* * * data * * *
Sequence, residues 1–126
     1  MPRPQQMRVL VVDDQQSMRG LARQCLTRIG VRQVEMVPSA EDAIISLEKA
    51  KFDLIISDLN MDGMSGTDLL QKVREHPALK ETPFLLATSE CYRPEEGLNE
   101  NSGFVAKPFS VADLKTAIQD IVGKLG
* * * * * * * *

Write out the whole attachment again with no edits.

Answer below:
Sequence, residues 1–126
     1  MPRPQQMRVL VVDDQQSMRG LARQCLTRIG VRQVEMVPSA EDAIISLEKA
    51  KFDLIISDLN MDGMSGTDLL QKVREHPALK ETPFLLATSE CYRPEEGLNE
   101  NSGFVAKPFS VADLKTAIQD IVGKLG